Munich has been somewhat of a sleeping giant when it comes to skateboarding. The city and the surrounding area of Bavaria take up a huge space in German day-to-day life. With big companies and many cultural particulars coming from there. Chris Bradl felt like it was time to show what the city had to offer to not only the rest of Germany but the world.

Interview by Roland Hoogwater.
Photos by Daniel Nguyen.
Film & Edit by Chris Bradl.

Hey Chris how are you, how was your Sunday?

It was nice, the weather is so much better now, we went skating at Oper and afterwards we stayed there and hung out a bit. I just came home like 30 minutes ago.

The outside skating season is opening.

Yeah! We started by skating some flat today.

Flat is the groundwork of a good skater. So tell me a bit about your video, SCHNELLER.

It kinda, happened. We didn’t want to make a video, we just wanted to show Munich in a different way. Not through a VX and not only by doing the craziest tricks. But showing the people, and the city first and not this German performance based skating.

I understand, how did you go about doing this.

I bought an HPX because I really like the look of the footage. And we just started going out in groups. First in small groups, 1 or two people but others noticed and a crew emerged. I did some insta edits and Conny Mirbach and Lea Schairer hit me up and told me they liked what I did so they joined in. I didn’t even really know Conny so it was cool of him to hit me up.

Lea Schairer heading to the carnaval.

People always gather around the filmer.

Indeed, so, when winter came around plus we had a heavy lockdown in Munich. I went back into my hard-drive and noticed we had a lot of footage. That was the point I felt I needed to start editing.

Why do you think the skate-scene in Munich is not as prevalent as other German cities like Hamburg, Berlin, or the Ruhr Valley area?

The thing is when something did come from Munich it was always this very Bavarian type of dusty type of style. A bit of an older type of style, jumping a many stairs as you can & flip in flip outs but without showing the character of the city and the people in it. If you compare it to Berlin or Hamburg you do see that happening in those Stanley We videos for instance.

In my own experience skateboarding is not as alive in Munich as it is in those other cities. There you see the impact skaters and skating has on the city, it feels alive. In Munich it feels like other things take priority, the city doesn’t even have winter facilities for skaters. Which is crazy for a city with over a million people.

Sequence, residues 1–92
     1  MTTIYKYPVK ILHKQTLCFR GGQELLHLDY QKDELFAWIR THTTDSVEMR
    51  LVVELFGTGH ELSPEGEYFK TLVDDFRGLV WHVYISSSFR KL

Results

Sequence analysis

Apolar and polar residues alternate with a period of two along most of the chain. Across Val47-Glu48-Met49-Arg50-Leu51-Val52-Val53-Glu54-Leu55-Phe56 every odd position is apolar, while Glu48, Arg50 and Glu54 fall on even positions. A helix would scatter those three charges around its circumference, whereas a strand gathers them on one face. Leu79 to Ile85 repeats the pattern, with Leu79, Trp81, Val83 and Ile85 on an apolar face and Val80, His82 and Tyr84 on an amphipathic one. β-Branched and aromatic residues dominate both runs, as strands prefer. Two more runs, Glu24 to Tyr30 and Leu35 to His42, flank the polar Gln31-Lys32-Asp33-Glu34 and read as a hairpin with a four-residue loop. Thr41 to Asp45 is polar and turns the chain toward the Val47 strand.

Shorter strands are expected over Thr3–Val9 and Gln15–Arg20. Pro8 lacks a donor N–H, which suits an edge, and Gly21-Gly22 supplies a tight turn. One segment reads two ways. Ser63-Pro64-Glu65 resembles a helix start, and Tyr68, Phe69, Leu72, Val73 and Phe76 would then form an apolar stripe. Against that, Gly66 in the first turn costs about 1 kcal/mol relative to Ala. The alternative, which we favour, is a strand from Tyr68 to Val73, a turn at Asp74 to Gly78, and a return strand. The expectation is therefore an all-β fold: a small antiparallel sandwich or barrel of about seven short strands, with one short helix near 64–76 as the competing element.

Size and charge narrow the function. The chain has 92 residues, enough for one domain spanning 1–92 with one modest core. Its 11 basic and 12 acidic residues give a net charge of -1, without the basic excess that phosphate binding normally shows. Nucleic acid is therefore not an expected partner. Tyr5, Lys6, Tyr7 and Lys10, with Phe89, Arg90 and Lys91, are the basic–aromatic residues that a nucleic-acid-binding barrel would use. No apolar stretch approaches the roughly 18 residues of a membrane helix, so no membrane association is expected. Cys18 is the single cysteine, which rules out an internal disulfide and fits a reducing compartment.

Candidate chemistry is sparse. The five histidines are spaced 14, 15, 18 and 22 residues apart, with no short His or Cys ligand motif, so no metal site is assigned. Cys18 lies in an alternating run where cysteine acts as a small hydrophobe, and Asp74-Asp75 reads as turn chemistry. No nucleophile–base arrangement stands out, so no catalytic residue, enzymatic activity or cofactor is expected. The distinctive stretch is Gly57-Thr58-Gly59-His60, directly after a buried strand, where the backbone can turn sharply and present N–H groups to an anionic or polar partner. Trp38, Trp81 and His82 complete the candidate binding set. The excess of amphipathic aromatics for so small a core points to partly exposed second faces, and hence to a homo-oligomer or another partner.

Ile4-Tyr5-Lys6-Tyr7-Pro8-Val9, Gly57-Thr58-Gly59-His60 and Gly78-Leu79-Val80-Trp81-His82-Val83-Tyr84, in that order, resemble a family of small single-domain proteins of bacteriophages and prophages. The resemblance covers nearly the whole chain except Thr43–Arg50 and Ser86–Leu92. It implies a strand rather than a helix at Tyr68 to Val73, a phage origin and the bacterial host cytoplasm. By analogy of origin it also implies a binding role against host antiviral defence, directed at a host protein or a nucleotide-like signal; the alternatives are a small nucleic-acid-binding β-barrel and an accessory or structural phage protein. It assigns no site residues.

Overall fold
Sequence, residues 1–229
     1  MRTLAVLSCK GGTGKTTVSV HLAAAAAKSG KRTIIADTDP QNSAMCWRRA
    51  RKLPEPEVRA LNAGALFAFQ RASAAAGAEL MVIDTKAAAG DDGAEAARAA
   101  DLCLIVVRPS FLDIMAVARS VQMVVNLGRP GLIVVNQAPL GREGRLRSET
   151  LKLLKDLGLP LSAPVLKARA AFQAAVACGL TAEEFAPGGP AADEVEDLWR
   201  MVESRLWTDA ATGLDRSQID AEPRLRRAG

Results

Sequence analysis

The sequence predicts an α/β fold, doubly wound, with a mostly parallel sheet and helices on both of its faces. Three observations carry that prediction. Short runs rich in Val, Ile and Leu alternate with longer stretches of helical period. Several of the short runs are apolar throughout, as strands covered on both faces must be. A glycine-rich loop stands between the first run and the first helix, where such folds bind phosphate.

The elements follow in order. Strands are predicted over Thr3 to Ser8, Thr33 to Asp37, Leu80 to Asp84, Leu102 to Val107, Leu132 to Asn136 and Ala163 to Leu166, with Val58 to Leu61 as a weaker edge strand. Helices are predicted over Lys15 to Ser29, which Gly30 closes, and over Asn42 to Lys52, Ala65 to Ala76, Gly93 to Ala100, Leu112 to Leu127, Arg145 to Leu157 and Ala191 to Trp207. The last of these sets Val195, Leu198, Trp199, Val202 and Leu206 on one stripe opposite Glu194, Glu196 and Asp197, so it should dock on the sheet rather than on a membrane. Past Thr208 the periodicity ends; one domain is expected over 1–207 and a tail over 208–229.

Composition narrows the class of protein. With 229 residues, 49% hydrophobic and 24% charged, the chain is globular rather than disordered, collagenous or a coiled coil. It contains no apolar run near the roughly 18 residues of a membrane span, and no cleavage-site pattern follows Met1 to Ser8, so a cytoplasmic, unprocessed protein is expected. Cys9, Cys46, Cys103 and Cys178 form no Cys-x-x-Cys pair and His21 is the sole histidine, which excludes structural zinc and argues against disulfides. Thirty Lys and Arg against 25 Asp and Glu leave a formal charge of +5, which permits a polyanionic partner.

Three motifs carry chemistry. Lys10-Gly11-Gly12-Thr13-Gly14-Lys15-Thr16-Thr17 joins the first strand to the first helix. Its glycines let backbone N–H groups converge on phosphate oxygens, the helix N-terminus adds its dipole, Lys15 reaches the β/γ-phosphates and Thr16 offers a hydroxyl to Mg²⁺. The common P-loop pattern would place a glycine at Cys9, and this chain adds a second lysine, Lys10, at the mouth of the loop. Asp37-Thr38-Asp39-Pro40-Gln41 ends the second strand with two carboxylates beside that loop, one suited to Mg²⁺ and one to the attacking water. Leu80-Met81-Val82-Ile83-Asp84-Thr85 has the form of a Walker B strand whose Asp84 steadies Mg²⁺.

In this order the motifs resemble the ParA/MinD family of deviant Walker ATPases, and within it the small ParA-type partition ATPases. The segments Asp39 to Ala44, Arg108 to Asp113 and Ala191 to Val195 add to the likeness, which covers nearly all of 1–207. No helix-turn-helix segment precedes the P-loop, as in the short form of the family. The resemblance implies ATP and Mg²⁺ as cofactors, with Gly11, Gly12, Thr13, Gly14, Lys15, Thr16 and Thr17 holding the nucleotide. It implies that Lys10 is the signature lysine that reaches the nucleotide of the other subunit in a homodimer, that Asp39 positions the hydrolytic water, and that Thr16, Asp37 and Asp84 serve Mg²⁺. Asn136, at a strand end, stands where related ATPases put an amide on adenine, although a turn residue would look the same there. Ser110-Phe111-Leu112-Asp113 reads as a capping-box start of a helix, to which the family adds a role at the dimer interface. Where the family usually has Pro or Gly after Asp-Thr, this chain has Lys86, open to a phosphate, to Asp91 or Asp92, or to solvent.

You are right! But skateboarding is happening, and we are trying to change that by showing our city. We do have good spots, and they aren’t overblown like a Kulturforum in Berlin.

True, that is a spot that everyone who ever went to Berlin has skated.

We did have the Marijuth crew out of Munich and they had a good vibe and showed something new in Munich. But they came out 10 years ago and we wondered where that energy has gone? We aren’t that G’ed out and we can’t do the YO-flip 360 flip but that was their vibe and we want to show our vibe in 2020.

Conny does a bit of a YO-flip if I am honest!

A little, but I really like his tre-flip. Conny was always motivated to do things. Whenever I wanted to go film he was there and wanted to go and do tricks.

What about your style of filming, there are some visible influences.

The style of filming I used isn’t new, Bill Strobeck built and established it filming someones head and someones feet with heavy zoom. I feel filming like that captures today’s zeigeist.

Can you tell me a bit about Hase?

He is a legend, he is a strong character and is authentic in who he is. He is from Bavaria and proud of where he is from. He is good friends with Michael “Mixen” Wiethaus. It is a bit controversial to say you celebrate Bavarian culture.